Blue Mosque has a twin sister in Beirut

The largest mosque in Lebanon has many architectural similarities with the gigantic Blue Mosque in Istanbul.

Blue Mosque has a twin sister in Beirut

The Mohammed-ul Emin mosque in Beirut, the largest mosque in the country, has many architectural similarities with the gigantic Blue Mosque, otherwise known as Sultanahmet, in Istanbul.

Built in 1853, the land upon which the Mohammed-ul Emin mosque was constructed was gifted by the Ottoman Sultan Abdulmajid I to a senior religious figure in Beirut by the name of Sufi Mohammed Abdulnassir. The architectural style of the historical building was heavily inspired by the Blue Mosque in Istanbul and has the characteristics of Ottoman architecture. A dervish lodge was also built along with the mosque but it was damaged during the Lebanon civil war and transformed into another mosque in 2002. What is fascinating about the Mohammed-ul Emin Mosque is the building’s perfect harmony with the surrounding environment. Another architectural characteristic which shows the resemblance of Ottoman design is that the Mosque has one grand dome in addition to four smaller ones. This is an imitation of the distinguished style of Mimar Sinan, the chief architect of the Ottomans in the fifteenth century. The ceramics of the mosque were made in the Turkish city of Kütahya along with the carpets which were also brought from Turkey.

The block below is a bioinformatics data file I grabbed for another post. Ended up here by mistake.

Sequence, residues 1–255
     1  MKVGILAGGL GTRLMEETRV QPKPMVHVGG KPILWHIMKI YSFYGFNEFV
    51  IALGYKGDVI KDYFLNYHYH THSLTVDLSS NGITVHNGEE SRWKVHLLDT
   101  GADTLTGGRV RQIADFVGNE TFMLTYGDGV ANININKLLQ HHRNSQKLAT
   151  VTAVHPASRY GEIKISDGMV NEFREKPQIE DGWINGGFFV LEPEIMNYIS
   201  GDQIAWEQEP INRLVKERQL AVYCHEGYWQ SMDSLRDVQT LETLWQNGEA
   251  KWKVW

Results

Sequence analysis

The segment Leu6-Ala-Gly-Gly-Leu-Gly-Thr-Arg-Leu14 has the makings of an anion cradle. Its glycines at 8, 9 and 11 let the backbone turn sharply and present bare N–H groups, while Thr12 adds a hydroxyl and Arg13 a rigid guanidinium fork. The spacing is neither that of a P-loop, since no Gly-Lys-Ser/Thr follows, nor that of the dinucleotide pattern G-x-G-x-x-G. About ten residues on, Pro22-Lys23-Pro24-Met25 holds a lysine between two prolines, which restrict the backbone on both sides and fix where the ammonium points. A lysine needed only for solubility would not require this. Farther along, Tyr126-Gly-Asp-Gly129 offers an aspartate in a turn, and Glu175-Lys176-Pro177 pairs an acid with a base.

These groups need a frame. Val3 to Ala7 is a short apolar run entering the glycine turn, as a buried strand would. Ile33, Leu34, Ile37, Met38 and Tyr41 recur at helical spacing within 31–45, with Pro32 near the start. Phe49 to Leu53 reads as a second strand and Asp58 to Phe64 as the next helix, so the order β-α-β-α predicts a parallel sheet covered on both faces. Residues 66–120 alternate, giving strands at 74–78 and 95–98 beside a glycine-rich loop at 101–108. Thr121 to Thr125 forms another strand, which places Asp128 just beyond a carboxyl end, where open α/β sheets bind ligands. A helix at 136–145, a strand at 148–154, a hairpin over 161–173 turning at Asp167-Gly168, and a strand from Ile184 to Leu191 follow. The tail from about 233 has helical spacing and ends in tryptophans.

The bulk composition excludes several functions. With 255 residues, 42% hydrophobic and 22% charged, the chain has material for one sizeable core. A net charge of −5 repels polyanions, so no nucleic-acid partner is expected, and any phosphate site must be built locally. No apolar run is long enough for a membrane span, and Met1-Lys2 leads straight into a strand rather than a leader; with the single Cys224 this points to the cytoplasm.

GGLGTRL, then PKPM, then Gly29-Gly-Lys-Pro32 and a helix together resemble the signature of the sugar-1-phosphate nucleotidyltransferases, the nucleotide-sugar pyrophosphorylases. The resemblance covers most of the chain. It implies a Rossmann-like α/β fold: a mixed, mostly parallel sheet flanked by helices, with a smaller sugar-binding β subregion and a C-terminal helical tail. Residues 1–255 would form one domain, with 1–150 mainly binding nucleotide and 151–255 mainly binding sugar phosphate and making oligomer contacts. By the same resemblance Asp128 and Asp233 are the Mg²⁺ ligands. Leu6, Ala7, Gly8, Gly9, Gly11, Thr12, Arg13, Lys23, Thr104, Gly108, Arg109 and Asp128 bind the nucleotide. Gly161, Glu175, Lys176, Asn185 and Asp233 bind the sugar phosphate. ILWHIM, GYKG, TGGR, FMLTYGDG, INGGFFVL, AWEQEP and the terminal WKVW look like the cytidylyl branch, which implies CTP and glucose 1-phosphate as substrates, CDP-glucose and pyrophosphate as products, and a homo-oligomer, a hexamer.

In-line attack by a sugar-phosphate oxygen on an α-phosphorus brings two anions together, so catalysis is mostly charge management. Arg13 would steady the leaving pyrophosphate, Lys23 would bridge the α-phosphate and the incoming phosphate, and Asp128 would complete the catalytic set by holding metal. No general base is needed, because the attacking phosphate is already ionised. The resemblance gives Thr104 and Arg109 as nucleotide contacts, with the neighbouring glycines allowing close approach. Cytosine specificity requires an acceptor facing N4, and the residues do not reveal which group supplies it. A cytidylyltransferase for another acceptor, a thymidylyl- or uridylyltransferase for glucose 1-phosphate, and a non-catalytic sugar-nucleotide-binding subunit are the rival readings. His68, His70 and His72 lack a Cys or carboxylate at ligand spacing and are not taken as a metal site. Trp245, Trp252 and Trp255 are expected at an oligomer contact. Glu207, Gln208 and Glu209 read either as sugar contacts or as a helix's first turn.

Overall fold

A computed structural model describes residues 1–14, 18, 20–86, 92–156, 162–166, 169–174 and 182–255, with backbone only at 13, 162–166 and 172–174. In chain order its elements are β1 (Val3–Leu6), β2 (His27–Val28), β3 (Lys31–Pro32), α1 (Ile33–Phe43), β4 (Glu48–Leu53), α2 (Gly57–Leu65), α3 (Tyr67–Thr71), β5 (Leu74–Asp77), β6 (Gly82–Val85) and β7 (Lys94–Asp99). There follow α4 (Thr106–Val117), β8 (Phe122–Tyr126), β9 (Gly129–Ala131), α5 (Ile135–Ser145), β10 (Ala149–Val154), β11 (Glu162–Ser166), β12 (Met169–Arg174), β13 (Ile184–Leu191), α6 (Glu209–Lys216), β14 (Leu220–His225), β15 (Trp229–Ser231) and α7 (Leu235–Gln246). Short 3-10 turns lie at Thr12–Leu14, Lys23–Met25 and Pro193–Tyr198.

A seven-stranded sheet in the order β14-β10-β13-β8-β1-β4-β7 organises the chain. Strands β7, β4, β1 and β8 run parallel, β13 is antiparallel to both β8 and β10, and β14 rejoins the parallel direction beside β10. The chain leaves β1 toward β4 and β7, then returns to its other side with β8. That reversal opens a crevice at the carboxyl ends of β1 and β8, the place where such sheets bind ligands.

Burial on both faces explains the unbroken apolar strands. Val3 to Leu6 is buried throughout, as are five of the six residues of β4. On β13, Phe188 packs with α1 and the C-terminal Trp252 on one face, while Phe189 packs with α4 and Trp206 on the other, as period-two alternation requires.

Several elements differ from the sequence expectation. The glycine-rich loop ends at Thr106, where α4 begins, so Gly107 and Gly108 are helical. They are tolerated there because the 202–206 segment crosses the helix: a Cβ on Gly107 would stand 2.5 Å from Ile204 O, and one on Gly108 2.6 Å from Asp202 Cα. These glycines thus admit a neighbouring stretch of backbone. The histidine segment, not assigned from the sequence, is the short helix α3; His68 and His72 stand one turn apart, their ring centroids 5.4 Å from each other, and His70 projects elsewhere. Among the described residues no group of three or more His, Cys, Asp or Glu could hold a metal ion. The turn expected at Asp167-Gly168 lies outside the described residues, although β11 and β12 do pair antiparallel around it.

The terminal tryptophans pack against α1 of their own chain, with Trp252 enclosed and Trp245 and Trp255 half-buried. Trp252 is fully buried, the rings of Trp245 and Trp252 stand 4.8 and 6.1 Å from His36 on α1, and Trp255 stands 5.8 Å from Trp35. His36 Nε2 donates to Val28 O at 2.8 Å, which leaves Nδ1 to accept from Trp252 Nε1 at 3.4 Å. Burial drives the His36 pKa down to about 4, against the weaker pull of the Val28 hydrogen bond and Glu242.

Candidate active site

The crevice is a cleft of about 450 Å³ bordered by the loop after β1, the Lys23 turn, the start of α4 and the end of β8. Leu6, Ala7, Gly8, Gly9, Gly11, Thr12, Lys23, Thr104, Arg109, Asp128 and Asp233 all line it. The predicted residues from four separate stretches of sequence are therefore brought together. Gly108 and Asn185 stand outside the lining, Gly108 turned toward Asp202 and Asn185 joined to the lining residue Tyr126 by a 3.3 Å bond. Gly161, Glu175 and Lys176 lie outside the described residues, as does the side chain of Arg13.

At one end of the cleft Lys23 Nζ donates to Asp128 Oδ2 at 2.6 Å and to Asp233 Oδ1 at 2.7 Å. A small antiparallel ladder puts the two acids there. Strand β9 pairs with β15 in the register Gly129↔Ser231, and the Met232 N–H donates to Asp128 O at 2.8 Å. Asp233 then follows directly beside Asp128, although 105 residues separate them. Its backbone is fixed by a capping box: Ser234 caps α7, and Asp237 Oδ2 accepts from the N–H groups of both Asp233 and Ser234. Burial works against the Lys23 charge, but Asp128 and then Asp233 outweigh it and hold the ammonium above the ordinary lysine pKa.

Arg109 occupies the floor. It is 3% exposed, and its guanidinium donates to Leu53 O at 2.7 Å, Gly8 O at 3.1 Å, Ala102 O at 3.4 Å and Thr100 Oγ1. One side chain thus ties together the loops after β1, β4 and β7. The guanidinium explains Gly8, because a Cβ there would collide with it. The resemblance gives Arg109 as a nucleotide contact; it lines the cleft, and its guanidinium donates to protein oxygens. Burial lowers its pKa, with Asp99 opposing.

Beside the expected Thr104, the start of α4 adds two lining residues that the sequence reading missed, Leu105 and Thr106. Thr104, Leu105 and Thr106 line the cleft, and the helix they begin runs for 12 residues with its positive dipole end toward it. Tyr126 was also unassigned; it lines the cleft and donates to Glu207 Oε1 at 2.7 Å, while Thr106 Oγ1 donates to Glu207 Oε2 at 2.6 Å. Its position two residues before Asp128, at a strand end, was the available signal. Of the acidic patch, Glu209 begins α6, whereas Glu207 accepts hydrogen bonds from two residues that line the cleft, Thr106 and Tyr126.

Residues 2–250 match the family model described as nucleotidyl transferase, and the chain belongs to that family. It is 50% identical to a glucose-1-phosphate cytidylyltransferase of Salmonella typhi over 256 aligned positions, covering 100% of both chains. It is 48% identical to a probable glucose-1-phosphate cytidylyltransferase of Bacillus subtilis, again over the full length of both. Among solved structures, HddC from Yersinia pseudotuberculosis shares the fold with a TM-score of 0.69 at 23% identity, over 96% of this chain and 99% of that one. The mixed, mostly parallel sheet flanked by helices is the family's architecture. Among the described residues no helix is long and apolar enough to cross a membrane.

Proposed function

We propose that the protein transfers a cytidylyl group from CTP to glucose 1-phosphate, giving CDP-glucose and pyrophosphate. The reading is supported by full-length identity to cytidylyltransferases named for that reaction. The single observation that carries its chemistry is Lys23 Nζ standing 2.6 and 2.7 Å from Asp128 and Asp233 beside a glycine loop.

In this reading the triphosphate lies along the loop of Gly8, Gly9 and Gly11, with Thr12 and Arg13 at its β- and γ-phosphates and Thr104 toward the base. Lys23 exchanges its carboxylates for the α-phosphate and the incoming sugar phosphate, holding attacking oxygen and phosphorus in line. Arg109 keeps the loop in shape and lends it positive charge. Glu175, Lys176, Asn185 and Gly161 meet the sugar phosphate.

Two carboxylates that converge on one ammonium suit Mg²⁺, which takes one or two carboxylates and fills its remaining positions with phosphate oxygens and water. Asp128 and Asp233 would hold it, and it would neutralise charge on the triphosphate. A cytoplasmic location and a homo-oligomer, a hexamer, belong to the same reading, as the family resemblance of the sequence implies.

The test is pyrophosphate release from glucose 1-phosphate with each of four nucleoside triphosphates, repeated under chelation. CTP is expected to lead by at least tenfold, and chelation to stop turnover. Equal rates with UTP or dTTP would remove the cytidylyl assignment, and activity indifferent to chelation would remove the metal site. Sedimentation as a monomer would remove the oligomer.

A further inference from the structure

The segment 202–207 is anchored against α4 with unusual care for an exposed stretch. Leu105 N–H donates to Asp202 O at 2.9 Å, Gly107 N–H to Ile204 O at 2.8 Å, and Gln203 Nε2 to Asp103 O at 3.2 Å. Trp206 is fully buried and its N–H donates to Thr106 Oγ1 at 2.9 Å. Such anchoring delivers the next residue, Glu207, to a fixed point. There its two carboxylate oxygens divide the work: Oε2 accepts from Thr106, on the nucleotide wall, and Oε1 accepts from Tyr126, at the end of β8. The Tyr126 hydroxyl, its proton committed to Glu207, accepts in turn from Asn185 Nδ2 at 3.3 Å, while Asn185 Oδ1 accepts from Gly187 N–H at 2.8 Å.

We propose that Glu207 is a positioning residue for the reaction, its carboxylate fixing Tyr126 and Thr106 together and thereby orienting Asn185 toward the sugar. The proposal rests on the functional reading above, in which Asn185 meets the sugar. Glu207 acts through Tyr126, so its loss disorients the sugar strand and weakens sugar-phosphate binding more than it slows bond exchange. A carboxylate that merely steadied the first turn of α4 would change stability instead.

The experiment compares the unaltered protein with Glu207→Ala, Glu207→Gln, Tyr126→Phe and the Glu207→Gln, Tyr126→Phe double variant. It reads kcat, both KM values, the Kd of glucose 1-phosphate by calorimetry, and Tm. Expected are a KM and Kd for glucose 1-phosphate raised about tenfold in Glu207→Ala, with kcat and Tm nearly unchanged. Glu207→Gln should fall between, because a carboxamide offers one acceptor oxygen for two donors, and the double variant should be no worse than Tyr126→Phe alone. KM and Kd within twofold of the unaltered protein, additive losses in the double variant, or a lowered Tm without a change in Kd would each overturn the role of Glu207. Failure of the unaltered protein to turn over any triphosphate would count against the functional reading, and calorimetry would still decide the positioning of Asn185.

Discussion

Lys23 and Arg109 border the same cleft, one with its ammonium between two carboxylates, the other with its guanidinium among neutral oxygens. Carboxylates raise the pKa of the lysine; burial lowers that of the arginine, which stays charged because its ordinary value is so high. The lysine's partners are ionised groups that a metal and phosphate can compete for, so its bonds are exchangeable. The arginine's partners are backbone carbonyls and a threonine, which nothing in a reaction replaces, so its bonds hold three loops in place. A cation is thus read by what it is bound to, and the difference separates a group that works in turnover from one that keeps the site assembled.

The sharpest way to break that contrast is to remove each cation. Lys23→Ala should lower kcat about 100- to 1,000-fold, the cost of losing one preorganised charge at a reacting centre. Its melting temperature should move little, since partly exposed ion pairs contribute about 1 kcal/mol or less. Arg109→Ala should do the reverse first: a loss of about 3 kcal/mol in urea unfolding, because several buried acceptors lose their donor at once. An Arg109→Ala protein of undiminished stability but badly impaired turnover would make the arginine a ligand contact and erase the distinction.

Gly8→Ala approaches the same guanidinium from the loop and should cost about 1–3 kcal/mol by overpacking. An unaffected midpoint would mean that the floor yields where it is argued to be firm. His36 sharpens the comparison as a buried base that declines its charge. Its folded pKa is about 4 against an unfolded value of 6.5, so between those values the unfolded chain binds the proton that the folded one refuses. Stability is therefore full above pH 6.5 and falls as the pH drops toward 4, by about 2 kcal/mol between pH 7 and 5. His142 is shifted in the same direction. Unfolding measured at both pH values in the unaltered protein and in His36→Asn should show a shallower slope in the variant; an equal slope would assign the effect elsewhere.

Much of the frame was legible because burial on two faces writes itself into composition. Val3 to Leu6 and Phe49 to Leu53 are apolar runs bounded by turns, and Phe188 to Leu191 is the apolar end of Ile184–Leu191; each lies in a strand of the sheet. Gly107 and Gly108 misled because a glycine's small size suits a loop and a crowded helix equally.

The mosque was also damaged during the civil war, but restoration work was launched by the late Prime Minister Rafiq Hariri who was killed in an assassination in 2005. He could not see the re-opening of the Mosque, but his family decided to bury him next to it.

Kuzey News Agency

Last Mod: 18 Eylül 2013, 18:05
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Beiruti
Beiruti - 7 yıl Before

The Mohammed Al-Amin Mosque in Beirut is an entirely new structure built between 2002-2007! While the stone facade may be similar to that of surrounding buildings, the scale of the structure is in gross disproportion to that of the adjacent buildings and entire downtown urban fabric. It also shadows the ancient church next door causing endless sectarian controversy. Such is Lebanon!